Sweep Island clean

With broom now in bloom, Broombusters issue local towns a challenge

Broombusters are confident they can make a broom mountain much higher than this if they really get a strong turnout.

Joanne Sales is the last person who would make a mountain out of a molehill — at least, not when she can make it from invasive broom.

The head of Qualicum Beach Broombusters this week issued a challenge to both Parksville and Qualicum Beach residents to build the biggest mountain of cut broom possible.

The challenge is two-fold, Sales said. Besides the creation of Broom Mountain or, even the Broom Range of mountains, she’s also challenging the communities of Qualicum Beach and Parksville to lace up their sensible shoes, latch onto some loppers and see which group, individual or community as a whole can bring out the most broom busters to the event, slated for May 18, 19 and 20.

The focus of the attention, she said, will be the highway interchange in Parksville, which is heavily infested with the alien species.

“This spot is just so terrible,” she said. “The broom is completely out of control.”

Sales said Qualicum Beach Broombusters have cleared out the vast majority of broom from within town limits, so they want to help Parksville tackle their own infestation. However, she stressed that it’s going to take a concentrated effort to make an impact on the problem.

“Courtenay is getting their interchange cleared right now and Qualicum Beach is in fairly good shape, so Parksville will be left as a sea of broom,” she said. “Rather than wait around for somebody else to do it, let’s do it ourselves. we’re challenging Oceanside community to show what can be done when the community comes together. So many communities have given up on this, but we want to say, let’s not give up.”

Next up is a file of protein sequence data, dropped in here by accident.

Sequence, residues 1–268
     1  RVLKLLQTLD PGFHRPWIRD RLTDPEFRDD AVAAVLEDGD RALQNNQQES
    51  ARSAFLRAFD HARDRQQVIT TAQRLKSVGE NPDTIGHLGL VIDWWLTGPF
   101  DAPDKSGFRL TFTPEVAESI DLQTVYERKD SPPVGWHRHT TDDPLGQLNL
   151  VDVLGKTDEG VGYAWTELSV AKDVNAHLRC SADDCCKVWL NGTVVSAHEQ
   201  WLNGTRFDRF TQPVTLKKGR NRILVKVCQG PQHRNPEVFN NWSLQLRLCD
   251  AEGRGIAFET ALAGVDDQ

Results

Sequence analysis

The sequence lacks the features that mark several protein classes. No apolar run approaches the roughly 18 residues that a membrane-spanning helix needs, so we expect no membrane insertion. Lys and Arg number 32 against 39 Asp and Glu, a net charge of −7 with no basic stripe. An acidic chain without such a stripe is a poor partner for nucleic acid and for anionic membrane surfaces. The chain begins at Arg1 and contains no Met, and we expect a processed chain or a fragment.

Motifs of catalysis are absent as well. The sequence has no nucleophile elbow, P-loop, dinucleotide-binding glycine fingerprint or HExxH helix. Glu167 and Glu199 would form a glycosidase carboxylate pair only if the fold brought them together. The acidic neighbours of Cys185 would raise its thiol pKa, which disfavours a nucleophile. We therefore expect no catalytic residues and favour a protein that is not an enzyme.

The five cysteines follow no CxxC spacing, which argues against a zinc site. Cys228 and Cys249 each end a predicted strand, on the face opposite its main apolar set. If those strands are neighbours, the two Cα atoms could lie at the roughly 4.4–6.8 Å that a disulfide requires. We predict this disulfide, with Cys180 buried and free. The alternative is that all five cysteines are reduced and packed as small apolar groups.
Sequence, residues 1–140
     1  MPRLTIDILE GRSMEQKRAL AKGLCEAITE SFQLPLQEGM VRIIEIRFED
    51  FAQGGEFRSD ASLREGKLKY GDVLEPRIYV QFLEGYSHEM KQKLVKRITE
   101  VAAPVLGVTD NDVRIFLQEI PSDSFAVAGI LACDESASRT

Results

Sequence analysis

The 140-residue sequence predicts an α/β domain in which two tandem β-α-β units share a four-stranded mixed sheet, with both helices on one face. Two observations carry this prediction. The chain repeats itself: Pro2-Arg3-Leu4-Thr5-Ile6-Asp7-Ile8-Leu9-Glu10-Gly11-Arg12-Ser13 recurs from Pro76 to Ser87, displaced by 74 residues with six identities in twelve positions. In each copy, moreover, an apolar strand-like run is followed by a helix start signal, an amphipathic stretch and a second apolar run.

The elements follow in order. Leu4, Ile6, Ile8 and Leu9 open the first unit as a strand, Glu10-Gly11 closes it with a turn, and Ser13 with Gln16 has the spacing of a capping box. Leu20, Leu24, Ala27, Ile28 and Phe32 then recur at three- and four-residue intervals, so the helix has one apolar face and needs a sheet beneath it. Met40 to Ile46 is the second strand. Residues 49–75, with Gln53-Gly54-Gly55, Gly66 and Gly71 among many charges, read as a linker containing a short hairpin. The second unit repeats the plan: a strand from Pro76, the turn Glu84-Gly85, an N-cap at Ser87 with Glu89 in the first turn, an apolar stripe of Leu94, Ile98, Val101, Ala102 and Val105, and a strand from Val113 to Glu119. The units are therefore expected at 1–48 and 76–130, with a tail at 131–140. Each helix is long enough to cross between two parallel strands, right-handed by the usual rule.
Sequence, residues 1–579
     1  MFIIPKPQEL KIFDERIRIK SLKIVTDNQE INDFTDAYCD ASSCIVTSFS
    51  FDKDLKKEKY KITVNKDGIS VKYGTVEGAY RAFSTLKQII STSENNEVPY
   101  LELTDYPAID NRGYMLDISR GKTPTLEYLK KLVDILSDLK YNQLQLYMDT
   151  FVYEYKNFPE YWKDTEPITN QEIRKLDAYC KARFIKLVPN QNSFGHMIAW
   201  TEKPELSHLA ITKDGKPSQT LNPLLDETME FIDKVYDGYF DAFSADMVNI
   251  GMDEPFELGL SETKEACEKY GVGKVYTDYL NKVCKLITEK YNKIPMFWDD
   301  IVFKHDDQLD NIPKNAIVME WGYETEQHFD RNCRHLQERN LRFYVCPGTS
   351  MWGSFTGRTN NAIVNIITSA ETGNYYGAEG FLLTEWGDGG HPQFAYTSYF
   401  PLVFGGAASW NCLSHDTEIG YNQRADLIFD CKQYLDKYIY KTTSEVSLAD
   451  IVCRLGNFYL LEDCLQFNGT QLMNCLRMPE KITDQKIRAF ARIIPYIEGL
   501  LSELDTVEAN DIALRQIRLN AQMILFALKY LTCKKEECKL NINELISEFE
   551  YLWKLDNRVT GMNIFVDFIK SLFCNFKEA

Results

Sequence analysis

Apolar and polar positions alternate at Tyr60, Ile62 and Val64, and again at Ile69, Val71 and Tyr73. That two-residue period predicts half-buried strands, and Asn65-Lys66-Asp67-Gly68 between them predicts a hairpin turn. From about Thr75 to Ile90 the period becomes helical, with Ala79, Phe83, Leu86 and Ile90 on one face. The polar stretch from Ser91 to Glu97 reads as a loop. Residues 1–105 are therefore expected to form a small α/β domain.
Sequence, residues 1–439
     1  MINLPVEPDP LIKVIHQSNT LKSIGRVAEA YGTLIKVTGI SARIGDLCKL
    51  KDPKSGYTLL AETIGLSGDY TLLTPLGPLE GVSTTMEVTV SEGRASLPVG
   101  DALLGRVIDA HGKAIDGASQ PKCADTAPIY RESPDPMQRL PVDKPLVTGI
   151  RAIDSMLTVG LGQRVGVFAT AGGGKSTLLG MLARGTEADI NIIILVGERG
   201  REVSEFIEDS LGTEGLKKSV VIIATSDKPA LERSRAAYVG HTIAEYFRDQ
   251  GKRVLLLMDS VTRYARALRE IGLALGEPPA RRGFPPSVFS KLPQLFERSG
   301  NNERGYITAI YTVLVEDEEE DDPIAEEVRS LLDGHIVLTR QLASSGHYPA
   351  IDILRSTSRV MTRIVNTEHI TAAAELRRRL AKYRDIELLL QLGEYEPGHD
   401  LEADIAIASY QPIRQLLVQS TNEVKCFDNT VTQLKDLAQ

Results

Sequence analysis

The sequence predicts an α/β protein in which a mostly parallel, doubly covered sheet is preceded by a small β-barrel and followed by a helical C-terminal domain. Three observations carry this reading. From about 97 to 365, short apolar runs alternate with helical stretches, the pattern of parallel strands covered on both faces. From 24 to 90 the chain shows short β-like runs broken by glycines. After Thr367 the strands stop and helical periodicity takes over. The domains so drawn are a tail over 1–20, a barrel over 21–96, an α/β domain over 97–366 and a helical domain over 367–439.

Ideally, she said, other communities that have been infested by the Scotch pest will be inspired by a strong turnout in Parksville to take up the loppers themselves.

To take part in the Broombusters challenge, residents don’t need to have experience or even their own loppers. Those can be supplied.  All they have to do is show up at by the train station in Parksville on Friday between 11 a.m. and 2 p.m. Sign up first for a highway insurance form, then head with everyone else to the interchange and get cutting.

People can also sign up on Saturday, this time at 10 a.m. at the weigh station at Highway 19 and Kay Road in Parksville, or on Sunday, although the location will be determined by the location where the team feels they can come up with the biggest mountain of broom.

Sales stressed that participants should wear a hat, sensible shoes and gloves and bring some water and a snack.

Although Broombusters has about 40 pairs of loppers available for people who don’t have their own, anyone who has their own set is encouraged to bring it.

Volunteers can show up any time during the weekend, or for all three days.

The individual, group or club that brings the most cutters will win the coveted Golden Loppers, supplied by The News.

There will be other prizes awarded as well, Sales said.

“We’re asking local businesses if they can offer refreshments, a gift certificate or something fun to thank the volunteers and make the weekend more fun.”

For more information, to donate, or to keep track of where Sunday’s cut is going to take place, visit broombusters.org.


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